Fine-Resolution Epithermal Neutron Detector

From Astrobiology Encyclopedia
Jump to: navigation, search

0% vetted

   

Fine-Resolution Epithermal Neutron Detector (FREND)
Operator European Space Agency
Manufacturer Russian Space Research Institute
Function Neutron detector and dosimeter
Mission duration Planned: 7 years[1]
Website np.cosmos.ru/en-us/instruments/frend
Properties
Mass 36 kg (79 lb) [2]
Host Spacecraft
Spacecraft ExoMars Trace Gas Orbiter
Operator ESA
Launch date 14 March 2016
Rocket Proton-M/Briz-M
COSPAR ID 2016-017A

The Fine-Resolution Epithermal Neutron Detector (FREND) is a neutron detector that is part of the instrument payload on board the ExoMars Trace Gas Orbiter (TGO), launched to Mars in March 2016. This instrument is currently mapping hydrogen levels to a maximum depth of 1 m (3 ft 3 in) beneath the Martian surface, thus revealing shallow water ice distribution.This instrument has an improved resolution of 7.5 times over the one Russia contributed to NASA's Mars Odyssey orbiter.

Overview[edit | hide all | hide | edit source]

FREND can provide information while orbiting Mars on the presence of hydrogen, in the form of water or hydrated minerals in the top 1 m (3 ft 3 in) of the Martian surface.[3][4][5][6] Locations where hydrogen is found may indicate water-ice deposits, which is one of the key ingredients for life. Mapping ground ice could also be useful for future resource utilization (ISRU) and crewed missions.[7]

FREND also features a dosimeter to monitor the radiation environment along its orbit around Mars.[2][7]

Objectives[edit | hide | edit source]

The main science objective of the instrument is to carry out high spatial resolution mapping of epithermal and fast neutron fluxes from the Martian surface.[4] FREND will work in synergy and complement orbital and ground data as measured the Dynamic Albedo of Neutrons (DAN) instrument on the Curiosity rover, the ADRON-RM instrument on the ExoMars rover and the ADRON-EM on the ExoMars 2020 surface platform.[4]

The second goal of FREND is to use its dosimeter to measure the radiation dose at the TGO orbit from energetic particles of galactic cosmic rays and solar flares. The data will be used to estimate exposure levels of spacecraft and maintain radiation safety of crewed interplanetary flights.[2][7]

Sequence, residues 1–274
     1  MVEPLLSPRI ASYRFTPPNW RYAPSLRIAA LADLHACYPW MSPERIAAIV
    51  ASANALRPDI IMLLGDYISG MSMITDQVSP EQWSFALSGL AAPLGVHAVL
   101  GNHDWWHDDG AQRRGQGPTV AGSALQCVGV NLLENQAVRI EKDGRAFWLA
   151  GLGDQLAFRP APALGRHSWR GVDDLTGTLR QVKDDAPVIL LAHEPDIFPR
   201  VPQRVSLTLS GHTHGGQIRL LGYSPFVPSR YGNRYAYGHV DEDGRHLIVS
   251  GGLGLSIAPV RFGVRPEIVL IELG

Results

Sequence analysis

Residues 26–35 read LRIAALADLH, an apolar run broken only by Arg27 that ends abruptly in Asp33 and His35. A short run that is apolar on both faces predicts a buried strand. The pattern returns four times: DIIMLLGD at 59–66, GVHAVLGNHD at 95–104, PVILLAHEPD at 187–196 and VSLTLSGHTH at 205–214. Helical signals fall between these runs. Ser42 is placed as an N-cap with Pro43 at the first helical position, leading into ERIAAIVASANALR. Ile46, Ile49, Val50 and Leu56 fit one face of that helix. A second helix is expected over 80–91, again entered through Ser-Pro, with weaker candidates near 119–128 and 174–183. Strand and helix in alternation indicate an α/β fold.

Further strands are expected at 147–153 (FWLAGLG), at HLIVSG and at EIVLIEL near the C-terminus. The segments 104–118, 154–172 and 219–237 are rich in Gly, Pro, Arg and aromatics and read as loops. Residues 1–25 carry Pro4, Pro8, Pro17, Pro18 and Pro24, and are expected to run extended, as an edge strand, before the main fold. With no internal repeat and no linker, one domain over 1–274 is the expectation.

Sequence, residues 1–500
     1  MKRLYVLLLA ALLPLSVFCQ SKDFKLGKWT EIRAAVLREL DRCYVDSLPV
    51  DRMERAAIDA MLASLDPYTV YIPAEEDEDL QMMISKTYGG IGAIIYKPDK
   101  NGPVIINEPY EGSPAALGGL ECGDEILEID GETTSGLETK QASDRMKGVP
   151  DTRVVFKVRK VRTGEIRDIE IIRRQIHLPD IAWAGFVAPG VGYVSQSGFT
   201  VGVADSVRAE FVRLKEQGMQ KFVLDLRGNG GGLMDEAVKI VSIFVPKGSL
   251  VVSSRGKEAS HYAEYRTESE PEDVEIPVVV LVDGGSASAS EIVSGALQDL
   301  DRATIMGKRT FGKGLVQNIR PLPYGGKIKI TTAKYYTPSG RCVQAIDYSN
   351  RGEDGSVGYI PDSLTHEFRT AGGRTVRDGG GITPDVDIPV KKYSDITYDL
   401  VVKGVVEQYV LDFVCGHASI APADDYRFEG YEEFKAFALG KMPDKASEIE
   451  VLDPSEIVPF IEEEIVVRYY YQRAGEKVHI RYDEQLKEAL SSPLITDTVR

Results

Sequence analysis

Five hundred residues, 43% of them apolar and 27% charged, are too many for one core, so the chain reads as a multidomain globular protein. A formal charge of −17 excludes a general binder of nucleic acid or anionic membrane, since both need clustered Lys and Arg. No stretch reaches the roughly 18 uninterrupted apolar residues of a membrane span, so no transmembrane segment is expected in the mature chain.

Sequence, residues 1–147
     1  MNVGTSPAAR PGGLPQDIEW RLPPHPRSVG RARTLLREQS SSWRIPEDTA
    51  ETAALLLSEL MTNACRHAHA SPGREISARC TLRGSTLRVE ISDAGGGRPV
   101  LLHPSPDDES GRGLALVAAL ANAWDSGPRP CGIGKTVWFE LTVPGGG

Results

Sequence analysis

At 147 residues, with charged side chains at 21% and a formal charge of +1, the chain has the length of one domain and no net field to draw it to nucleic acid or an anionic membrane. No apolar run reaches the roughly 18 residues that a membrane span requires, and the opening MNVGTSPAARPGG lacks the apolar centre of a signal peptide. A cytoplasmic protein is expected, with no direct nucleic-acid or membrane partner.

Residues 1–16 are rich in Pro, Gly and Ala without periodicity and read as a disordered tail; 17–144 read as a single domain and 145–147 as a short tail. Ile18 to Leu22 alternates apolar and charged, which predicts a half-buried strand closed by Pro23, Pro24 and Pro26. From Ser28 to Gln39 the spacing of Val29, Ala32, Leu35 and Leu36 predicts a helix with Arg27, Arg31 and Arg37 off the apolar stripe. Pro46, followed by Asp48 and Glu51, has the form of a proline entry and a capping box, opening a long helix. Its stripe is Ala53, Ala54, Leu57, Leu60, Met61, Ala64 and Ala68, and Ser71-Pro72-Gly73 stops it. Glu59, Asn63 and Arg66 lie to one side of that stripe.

Principle and development[edit | hide | edit source]

FREND Parameter/units[7][8]
Function Neutron detector and dosimeter
Mass 36 kg (79 lb)
Dimensions 465 x 380 x 370 mm
Power consumption 14 W
Energy range Neutrons: 0.4–500 keV
Charged particles: 0.5–10 MeV
Surface resolution Aprox. 40 m (130 ft)
Depth resolution ≈ 1 m (3 ft 3 in)
Field of view 10°
Telemetry rate 50 Mbit/day

Cosmic rays are sufficiently energetic to break apart atoms in the top one or two metres of Mars' surface, releasing high-energy neutrons, which can be measured by FREND instrument.[4] The distribution of neutron velocities measured reveals the hydrogen content, which are a good indicator of hydrogen abundance —water or hydrated minerals— in the shallow subsurface of Mars.[4]

FREND uses inherited technology developed by the Russian Space Research Institute and flown on the High Energy Neutron Detector (HEND) on Mars Odyssey; the Mercury Gamma and Neutron Spectrometer (MGNS) on BepiColombo; the Lunar Exploration Neutron Detector (LEND) on the Lunar Reconnaissance Orbiter, and Dynamic Albedo of Neutrons (DAN) on Curiosity rover.[2][4]

This instrument's key components are four detectors containing tritium (3He) for neutrons with energies from 0.4 keV to 500 keV, and a stilbene-based scintillator for high-energy neutrons up to 10 MeV.[7] Each of the four 3He detectors counts neutrons independently for increased reliability.[7] All five detectors are encased within a collimator that improves the resolution 7.5 times over the one Russia contributed to NASA's Mars Odyssey orbiter.[7]

The Principal Investigator is Igor G. Mitrofanov, from the Russian Space Research Institute (IKI).[4] Mitrofanov is also the PI for ExoMars' ADRON-RM and ADRON-EM neutron detector instruments.[9][10]

References[edit | hide | edit source]

  1. "ExoMars Trace Gas Orbiter and Schiaparelli Mission (2016)". European Space Agency. 16 October 2016. Retrieved 24 October 2016. 
  2. 2.0 2.1 2.2 2.3 Fine Resolution Epithermal Neutron Detector (FREND) for mapping water from the ESA'S TGO. (PDF) I. G. Mitrofanov, A. B. Sanin, A. V. Malakhov, Yu. I. Bobrovnitsky, T. M. Tomilina and F. V. Fedosov. Conference: Concepts and Approaches for Mars Exploration. 2012.
  3. "Russia to Construct Landing Pad for Russian-European "ExoMars-2018" Space Mission". RIA Novosti. Russia. 4 August 2014. Retrieved 5 August 2014. 
  4. 4.0 4.1 4.2 4.3 4.4 4.5 4.6 ExoMars Trace Gas Orbiter Instruments: FREND - Fine Resolution Epithermal Neutron Detector. European Space Agency. Accessed: 26 July 2018.
  5. "ExoMars 2016". National Space Science Data Center. NASA. Retrieved 15 March 2016. 
  6. Gannon, Megan (14 March 2016). "The Science of ExoMars: New Mission to Hunt for Mars Life". Space.com. Retrieved 16 March 2016. 
  7. 7.0 7.1 7.2 7.3 7.4 7.5 7.6 FREND: Fine-Resolution Epithermal Neutron Detector for ExoMars Project. Russian Space Research Institute (IKI), Nuclear Planetology Department. Accessed 26 July 2018.
  8. Trace Gas Orbiter – Instrument Overview. Spaceflight 101.
  9. "ExoMars 2018 mission". Russian Space Research Institute. Retrieved 15 March 2016. 
  10. "The ExoMars Project". RussianSpaceWeb.com. Retrieved 22 October 2013. 

This article uses material from Fine-Resolution Epithermal Neutron Detector on Wikipedia (view authors). License under CC BY-SA 3.0. Wikipedia logo